1) His delivery seemed too deliberate. Carefully timed inhalations. Carefully articulated words. We all have an intuitive sense when we hear something that doesn’t seem to be from the heart and that sense was triggered for me. BUT this is no kind of proof. The tendency to disbelieve because a story sounds too well rehearsed and told too calmly has led to incorrect judgements in criminal cases, particularly in rape cases. We have to be careful as listeners not to fall into this trap. Imagine you had been through something incredibly difficult. It could be incredibly difficult to talk about it. You might need a lot of help. You might need to follow a structure, to be very formulaic. You might need to distance yourself from the intensity of the feelings in order to get the words across clearly.

    2) It sounds like a very carefully crafted anti-Trump message. It’s hard to imagine a more stereotyped description of a group of big bad Trump supporters. People who are racist against their own adopted child. People who beat a family member into the hospital and never talk to them again. And not just one or two bad apples, an entire tribe of them! Nobody being even slightly sensible! Okay, but AGAIN.. this isn’t any kind of proof that the story isn’t true. I personally have a lot more faith in the average Trump supporter. I think very few of them would actually behave like this. But that doesn’t mean that Britt’s family didn’t. There is a bell curve. Someone has to be on the end of it.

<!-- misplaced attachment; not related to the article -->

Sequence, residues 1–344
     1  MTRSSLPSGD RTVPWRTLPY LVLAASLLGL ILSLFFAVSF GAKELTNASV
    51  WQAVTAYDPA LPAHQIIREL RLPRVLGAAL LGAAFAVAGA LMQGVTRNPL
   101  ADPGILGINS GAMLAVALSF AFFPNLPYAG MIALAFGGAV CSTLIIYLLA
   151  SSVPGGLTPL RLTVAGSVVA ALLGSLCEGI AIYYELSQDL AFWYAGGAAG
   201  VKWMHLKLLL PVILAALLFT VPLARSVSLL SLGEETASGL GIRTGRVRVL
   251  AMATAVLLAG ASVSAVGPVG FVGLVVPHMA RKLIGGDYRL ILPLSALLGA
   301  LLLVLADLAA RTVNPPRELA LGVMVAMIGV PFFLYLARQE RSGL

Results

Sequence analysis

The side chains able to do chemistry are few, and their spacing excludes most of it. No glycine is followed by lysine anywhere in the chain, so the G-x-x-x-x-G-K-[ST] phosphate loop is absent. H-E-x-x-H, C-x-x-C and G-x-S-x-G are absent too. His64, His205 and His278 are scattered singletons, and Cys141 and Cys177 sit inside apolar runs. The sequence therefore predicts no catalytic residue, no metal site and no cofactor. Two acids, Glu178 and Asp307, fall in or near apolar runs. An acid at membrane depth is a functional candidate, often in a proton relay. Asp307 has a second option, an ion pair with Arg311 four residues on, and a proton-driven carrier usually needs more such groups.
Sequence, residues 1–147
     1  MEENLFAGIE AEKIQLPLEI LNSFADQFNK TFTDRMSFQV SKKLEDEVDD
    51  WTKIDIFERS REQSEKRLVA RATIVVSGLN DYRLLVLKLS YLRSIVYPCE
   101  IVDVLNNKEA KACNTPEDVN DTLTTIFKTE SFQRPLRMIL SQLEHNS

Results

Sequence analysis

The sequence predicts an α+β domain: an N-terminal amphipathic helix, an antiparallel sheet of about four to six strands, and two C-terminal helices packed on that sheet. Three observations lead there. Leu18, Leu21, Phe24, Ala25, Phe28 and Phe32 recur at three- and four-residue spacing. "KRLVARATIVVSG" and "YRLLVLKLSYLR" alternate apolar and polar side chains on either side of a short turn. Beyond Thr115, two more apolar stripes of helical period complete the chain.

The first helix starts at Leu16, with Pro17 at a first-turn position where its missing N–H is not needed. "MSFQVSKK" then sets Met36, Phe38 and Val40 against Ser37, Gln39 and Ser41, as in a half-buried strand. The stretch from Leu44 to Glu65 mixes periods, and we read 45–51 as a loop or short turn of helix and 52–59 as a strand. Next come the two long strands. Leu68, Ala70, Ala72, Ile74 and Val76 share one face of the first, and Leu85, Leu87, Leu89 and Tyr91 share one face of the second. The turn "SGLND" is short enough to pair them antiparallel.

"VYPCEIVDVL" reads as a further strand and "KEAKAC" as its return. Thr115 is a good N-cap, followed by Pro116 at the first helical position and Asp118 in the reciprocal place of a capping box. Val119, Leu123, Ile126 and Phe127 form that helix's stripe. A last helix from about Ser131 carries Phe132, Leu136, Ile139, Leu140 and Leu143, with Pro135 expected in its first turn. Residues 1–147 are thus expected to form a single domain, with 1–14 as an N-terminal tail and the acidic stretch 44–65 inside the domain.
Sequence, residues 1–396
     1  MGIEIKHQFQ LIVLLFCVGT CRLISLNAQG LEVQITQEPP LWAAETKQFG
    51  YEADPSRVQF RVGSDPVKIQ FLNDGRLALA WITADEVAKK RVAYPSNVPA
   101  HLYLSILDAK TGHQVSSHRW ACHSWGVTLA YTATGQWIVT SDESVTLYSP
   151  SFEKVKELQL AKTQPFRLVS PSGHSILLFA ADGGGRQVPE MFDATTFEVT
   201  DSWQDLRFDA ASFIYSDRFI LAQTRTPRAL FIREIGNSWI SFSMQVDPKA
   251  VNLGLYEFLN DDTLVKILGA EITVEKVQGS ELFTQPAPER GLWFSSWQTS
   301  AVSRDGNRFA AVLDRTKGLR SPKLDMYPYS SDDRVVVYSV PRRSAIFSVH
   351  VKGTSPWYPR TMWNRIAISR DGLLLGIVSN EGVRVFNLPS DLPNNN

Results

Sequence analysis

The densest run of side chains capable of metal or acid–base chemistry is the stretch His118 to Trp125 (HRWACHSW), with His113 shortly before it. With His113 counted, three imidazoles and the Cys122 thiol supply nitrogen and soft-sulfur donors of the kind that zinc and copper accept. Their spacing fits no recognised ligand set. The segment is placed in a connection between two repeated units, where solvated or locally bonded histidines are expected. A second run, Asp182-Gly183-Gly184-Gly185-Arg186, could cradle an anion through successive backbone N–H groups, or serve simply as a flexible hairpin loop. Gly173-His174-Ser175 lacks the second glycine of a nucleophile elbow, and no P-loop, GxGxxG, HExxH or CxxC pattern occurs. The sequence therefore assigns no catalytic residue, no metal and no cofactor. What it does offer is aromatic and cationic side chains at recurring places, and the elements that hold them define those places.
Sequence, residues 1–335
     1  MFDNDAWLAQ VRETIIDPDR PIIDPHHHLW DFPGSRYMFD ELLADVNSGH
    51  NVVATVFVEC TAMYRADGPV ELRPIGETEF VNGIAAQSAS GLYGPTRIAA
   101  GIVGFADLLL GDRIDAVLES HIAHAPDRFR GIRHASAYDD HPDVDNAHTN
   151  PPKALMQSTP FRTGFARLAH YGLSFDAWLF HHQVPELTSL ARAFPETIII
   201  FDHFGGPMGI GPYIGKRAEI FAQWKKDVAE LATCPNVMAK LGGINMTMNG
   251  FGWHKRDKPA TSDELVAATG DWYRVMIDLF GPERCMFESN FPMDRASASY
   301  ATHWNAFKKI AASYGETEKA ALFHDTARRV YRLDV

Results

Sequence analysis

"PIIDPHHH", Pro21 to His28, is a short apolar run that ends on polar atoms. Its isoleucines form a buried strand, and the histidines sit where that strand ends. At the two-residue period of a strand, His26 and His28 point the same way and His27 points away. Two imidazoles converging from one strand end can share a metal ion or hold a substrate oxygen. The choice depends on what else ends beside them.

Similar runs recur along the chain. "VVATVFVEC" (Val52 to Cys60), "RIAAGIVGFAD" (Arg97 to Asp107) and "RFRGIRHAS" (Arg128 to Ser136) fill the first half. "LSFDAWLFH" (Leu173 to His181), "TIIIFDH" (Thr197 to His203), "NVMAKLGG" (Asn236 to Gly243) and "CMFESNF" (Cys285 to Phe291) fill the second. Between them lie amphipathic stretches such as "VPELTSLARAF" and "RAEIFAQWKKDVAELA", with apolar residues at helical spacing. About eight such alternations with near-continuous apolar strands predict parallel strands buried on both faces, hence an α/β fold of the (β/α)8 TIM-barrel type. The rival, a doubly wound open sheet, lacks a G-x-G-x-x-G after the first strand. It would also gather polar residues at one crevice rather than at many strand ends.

3) I have struggled with reconciling the fact of Britt’s adoption and his positive anticipation of seeing his family again with how they treated him. As others have noted, this just doesn’t seem to add up. BUT a) people change. Years had gone by. Brett may have changed when he went to college. The family may have changed due to various circumstances, including the change in political climate. b) alcohol can really change people’s behavior. c) People can get weird when they get “tribal”. Perhaps a perfect storm of circumstances led to people getting out of hand, and once the crime was done, they had no ability to admit or even acknowledge it to themselves, so they wished it, and Brett, away.